For the row that the trigger is processing:

  • For an INSERT trigger, OLD contains no values, and NEW contains the new values.

  • For an UPDATE trigger, OLD contains the old values, and NEW contains the new values.

  • For a DELETE trigger, OLD contains the old values, and NEW contains no values.

To reference a pseudorecord, put a colon before its name—:OLD or :NEW—as in Example 6-1.

See Also:

Oracle Database PL/SQL Language Reference for more information about OLD and NEW pseudorecords

Tutorial: Creating a Trigger that Logs Table Changes

This tutorial shows how to use the CREATE TRIGGER statement to create a trigger, EVAL_CHANGE_TRIGGER, which adds a row to the table EVALUATIONS_LOG whenever an INSERT, UPDATE, or DELETE statement changes the EVALUATIONS table.

The trigger adds the row after the triggering statement executes, and uses the conditional predicates INSERTING, UPDATING, and DELETING to determine which of the three possible DML statements fired the trigger.

EVAL_CHANGE_TRIGGER is a statement-level trigger and an AFTER trigger.

To create EVALUATIONS_LOG and EVAL_CHANGE_TRIGGER:

  1. Create the EVALUATIONS_LOG table:
    CREATE TABLE EVALUATIONS_LOG ( log_date DATE
                                 , action VARCHAR2(50));
    
  2. Create EVAL_CHANGE_TRIGGER:
    CREATE OR REPLACE TRIGGER EVAL_CHANGE_TRIGGER
      AFTER INSERT OR UPDATE OR DELETE
      ON EVALUATIONS
    DECLARE
      log_action  EVALUATIONS_LOG.action%TYPE;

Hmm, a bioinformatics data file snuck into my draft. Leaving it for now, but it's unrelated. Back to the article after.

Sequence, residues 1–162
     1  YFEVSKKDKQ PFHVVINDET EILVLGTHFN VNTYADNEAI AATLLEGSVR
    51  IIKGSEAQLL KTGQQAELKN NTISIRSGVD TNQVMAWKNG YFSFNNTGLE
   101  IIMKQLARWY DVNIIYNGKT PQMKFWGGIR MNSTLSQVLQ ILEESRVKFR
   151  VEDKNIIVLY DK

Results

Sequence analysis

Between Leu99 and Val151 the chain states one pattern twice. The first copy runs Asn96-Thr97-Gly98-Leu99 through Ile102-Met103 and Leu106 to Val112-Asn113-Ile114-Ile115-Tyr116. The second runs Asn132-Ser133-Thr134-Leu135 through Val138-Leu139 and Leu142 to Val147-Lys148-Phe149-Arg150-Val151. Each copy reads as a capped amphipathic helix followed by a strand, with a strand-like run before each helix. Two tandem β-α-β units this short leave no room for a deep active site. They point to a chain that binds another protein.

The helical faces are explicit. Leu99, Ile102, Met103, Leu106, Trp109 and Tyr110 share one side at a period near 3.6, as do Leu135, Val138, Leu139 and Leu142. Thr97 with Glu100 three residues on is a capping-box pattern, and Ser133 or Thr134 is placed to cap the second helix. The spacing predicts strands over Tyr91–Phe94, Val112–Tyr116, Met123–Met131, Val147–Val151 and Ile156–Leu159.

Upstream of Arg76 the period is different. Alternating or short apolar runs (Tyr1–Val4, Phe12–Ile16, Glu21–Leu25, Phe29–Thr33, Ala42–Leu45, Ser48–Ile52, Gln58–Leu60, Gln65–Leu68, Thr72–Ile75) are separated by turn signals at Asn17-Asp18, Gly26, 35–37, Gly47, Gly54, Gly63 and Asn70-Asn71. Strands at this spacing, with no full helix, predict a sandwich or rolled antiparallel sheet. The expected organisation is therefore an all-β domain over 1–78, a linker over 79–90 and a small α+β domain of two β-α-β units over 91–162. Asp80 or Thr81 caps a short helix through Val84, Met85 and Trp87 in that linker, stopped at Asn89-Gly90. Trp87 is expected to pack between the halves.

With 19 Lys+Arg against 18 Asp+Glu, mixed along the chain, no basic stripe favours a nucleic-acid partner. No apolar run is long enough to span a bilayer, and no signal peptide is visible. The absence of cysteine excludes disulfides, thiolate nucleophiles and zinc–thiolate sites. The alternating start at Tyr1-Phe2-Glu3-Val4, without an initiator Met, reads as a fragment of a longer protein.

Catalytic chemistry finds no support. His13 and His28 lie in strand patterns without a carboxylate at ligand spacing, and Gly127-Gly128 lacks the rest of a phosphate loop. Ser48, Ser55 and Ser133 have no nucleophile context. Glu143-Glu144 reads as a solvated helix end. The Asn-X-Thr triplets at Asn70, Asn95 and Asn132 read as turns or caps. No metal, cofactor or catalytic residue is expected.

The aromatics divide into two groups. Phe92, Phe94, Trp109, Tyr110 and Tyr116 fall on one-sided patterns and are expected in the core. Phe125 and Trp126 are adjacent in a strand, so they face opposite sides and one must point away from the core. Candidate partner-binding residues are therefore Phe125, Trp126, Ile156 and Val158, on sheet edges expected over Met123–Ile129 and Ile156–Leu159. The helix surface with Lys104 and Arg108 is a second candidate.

BEGIN
      IF INSERTING THEN
        log_action := 'Insert';
      ELSIF UPDATING THEN
        log_action := 'Update';
      ELSIF DELETING THEN
        log_action := 'Delete';
      ELSE
        DBMS_OUTPUT.PUT_LINE('This code is not reachable.');
      END IF;
    
      INSERT INTO EVALUATIONS_LOG (log_date, action)
        VALUES (SYSDATE, log_action);
    END;

See Also:

Oracle Database PL/SQL Language Reference for more information about conditional predicates

Tutorial: Creating a Trigger that Generates a Primary Key for a Row Before It Is Inserted

This tutorial shows how to use the SQL Developer Create Trigger tool to create a trigger that fires before a row is inserted into the EVALUATIONS table, and generates the unique number for the primary key of that row, using EVALUATIONS_SEQUENCE.

The sequence EVALUATIONS_SEQUENCE (created in "Tutorial: Creating a Sequence") generates primary keys for the EVALUATIONS table (created in "Creating Tables"). However, these primary keys are not inserted into the table automatically.

This tutorial shows how to use the SQL Developer Create Trigger tool to create a trigger named NEW_EVALUATION_TRIGGER, which fires before a row is inserted into the EVALUATIONS table, and generates the unique number for the primary key of that row, using EVALUATIONS_SEQUENCE. The trigger fires once for each row affected by the triggering INSERT statement.

NEW_EVALUATION_TRIGGER is a row-level trigger and a BEFORE trigger.

To create the NEW_EVALUATION trigger:

  1. In the Connections frame, expand hr_conn.

  2. In the list of schema object types, right-click Triggers.

  3. In the list of choices, click New Trigger.

  4. In the Create Trigger window:

    1. In the Name field, type NEW_EVALUATION_TRIGGER over the default value TRIGGER1.

    2. For Base Object, select EVALUATIONS from the menu.

    3. Move INSERT from Available Events to Selected Events.

      (Select INSERT and click >.)

    4. Deselect the option Statement Level.

    5. Click OK.

      The NEW_EVALUATION_TRIGGER pane opens, showing the CREATE TRIGGER statement that created the trigger:

      CREATE OR REPLACE
      TRIGGER NEW_EVALUATION_TRIGGER
      BEFORE INSERT ON EVALUATIONS
      FOR EACH ROW
      BEGIN
        NULL;
      END;
      

      The title of the NEW_EVALUATION_TRIGGER pane is in italic font, indicating that the trigger is not yet saved in the database.

  5. In the CREATE TRIGGER statement, replace NULL with this:

    :NEW.evaluation_id := evaluations_sequence.NEXTVAL
    
  6. From the File menu, select Save.